Some of you readers who have been following me for awhile probably already know how much I love craft beer, especially due to the fact that every bar I’ve worked in since moving abroad has specialized in the craft beer of that country.
I even go to craft beer courses in my free time, and still get excited when a new brewer pops up whom I’ve never heard of, or a wacky new beer is put on tap at work that I’ve never tasted. My joy of craft beer comes from my fondness of flavors and different ways to use my tastebuds, it’s why I love trying new food so much too.
I have a multitude of friends in New Zealand and back home in California who home brew themselves. One of the interesting aspects I’ve found about craft beer in New Zealand is that it’s all over the place, and not necessarily in a bad way.
Experimentation within a beer style is so common over here that it’s expected. There can be two beers from the same style, say an amber ale, and those two beers will taste completely different from one another. Of course, that’s not always the case, but compared to how much more we stick to certain beer style guidelines in the States, it comes off as apples and oranges to me.
My Kiwi friend commented on the fact that it’s most likely because of how small scale the brewing culture is over here. Some of the big name brewers in New Zealand still very much carry the home brew attitude of experimentation to batches, and much more than you could normally get away with if you worked at a huge brewing company in the States.
All of this experimentation and partiality to not always sticking to the rules makes for some very interesting beers. As I write this, there is a salty seaweed gose ale on tap at work from a local brewery in Wellington, and it is delicious.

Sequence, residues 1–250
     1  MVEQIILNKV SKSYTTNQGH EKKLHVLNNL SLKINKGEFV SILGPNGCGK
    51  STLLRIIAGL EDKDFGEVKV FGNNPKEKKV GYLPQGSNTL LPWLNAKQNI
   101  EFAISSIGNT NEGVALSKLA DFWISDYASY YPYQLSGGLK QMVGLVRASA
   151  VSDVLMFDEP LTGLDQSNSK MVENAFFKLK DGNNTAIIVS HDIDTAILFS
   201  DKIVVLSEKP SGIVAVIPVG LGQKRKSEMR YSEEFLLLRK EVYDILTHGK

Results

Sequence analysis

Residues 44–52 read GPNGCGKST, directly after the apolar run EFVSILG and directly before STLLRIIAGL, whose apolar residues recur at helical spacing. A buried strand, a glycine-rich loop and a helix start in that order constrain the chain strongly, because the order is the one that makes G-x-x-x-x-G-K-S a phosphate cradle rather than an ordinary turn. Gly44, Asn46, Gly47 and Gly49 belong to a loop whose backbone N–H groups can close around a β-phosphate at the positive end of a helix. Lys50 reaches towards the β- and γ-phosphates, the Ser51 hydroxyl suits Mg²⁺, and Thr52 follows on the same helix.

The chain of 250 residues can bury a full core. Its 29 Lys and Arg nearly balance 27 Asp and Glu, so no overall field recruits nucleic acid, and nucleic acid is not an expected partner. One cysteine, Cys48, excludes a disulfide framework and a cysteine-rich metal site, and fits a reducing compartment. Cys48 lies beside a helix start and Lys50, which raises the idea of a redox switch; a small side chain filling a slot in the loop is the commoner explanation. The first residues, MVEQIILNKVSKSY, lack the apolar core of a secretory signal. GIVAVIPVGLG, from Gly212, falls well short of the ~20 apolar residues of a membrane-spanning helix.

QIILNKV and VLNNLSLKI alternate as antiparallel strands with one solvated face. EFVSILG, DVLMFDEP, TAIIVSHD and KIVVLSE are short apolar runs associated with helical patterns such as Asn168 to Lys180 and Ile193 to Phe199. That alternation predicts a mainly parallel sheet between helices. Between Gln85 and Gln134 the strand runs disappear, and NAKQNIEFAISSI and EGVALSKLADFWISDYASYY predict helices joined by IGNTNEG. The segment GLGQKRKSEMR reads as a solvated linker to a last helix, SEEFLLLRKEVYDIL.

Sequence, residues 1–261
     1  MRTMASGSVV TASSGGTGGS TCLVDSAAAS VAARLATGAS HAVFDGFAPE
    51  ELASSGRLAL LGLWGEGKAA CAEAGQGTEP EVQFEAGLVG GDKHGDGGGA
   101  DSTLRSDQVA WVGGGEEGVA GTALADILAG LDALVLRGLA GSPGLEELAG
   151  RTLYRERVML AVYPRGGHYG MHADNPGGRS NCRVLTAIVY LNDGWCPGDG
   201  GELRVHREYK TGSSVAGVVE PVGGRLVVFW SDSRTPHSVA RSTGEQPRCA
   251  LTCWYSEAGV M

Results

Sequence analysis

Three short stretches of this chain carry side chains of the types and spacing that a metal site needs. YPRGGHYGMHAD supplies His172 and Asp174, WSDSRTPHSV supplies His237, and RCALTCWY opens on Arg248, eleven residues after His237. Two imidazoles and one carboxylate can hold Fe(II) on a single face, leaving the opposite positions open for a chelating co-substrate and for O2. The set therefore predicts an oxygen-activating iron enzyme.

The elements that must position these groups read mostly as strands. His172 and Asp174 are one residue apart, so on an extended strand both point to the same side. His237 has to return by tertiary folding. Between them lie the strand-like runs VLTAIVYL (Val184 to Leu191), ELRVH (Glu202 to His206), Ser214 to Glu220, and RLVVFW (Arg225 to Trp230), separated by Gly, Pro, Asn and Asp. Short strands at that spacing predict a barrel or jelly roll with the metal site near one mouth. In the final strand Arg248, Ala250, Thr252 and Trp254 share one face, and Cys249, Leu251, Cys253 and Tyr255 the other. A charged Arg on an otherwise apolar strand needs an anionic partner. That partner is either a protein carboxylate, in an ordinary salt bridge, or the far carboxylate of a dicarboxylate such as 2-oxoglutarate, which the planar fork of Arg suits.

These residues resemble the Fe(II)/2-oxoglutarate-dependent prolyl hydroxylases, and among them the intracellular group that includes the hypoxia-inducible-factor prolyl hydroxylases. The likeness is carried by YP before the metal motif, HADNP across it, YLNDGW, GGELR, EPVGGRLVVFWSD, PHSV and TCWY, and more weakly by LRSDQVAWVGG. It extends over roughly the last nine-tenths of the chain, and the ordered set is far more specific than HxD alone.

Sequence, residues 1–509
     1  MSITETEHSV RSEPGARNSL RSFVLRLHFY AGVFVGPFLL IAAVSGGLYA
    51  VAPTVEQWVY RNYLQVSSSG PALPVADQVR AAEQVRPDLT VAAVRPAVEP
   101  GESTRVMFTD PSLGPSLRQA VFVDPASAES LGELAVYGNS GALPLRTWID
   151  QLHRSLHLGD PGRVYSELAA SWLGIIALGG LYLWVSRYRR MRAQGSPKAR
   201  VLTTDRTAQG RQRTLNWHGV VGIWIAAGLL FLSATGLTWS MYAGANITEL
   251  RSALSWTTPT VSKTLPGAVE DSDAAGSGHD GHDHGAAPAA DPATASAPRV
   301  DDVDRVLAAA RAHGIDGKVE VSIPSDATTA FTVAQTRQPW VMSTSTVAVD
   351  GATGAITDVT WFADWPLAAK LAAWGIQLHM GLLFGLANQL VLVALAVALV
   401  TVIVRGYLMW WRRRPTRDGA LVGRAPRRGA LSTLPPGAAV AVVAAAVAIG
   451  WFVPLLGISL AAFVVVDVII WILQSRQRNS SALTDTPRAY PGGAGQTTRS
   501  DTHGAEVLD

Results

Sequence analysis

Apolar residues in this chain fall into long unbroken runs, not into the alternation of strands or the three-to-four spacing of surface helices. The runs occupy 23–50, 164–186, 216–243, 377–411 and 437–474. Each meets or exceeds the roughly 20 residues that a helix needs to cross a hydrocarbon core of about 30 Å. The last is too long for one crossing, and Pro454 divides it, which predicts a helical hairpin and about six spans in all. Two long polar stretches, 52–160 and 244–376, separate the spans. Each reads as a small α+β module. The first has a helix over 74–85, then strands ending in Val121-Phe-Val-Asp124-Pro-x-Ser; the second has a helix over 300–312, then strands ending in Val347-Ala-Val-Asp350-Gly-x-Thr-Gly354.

So, when Beervana came into town a couple months ago, I was keen to go but weary of the price tag. Admission price alone was $45 for a 5 hour session, and once inside you still had to buy all of your own food and drink.
75 ml tasters, depending on alcohol content, could be anywhere from $2.50 to $6, and 250ml glasses could be anywhere from $6 to $8. With that said, you were also able to meet the brewers, and be some of the first people to taste brand new beers and collaborations.
There were beer seminars as well, if you were willing to pay a little extra, that taught you anything from home brewing and making barrel aged beers, to why the right glassware matters for different styles of beer, and even beer and cheese pairing for the classier folk. Truly, a place for beer geeks around the world to rejoice!
Even with all of the craft beer goodness involved, I still wasn’t convinced to attend because I was wanting to save money. Instead, I worked an early shift at the bar, to serve breakfast and some cheeky craft beers to those heading out to Beervana.
After my shift, when my coworker said he was looking for someone to go with, I was half ready to jump on board. When he told me he would pay for all of my alcohol once inside the venue, if I paid for my $45 entry ticket, I was sold.
Commence an epic day of drinking really good beer from New Zealand, Australia, and the States.
At first we wandered around aimlessly, taking in all the breweries and seeing what they had to offer, and even chatting with some local brewers.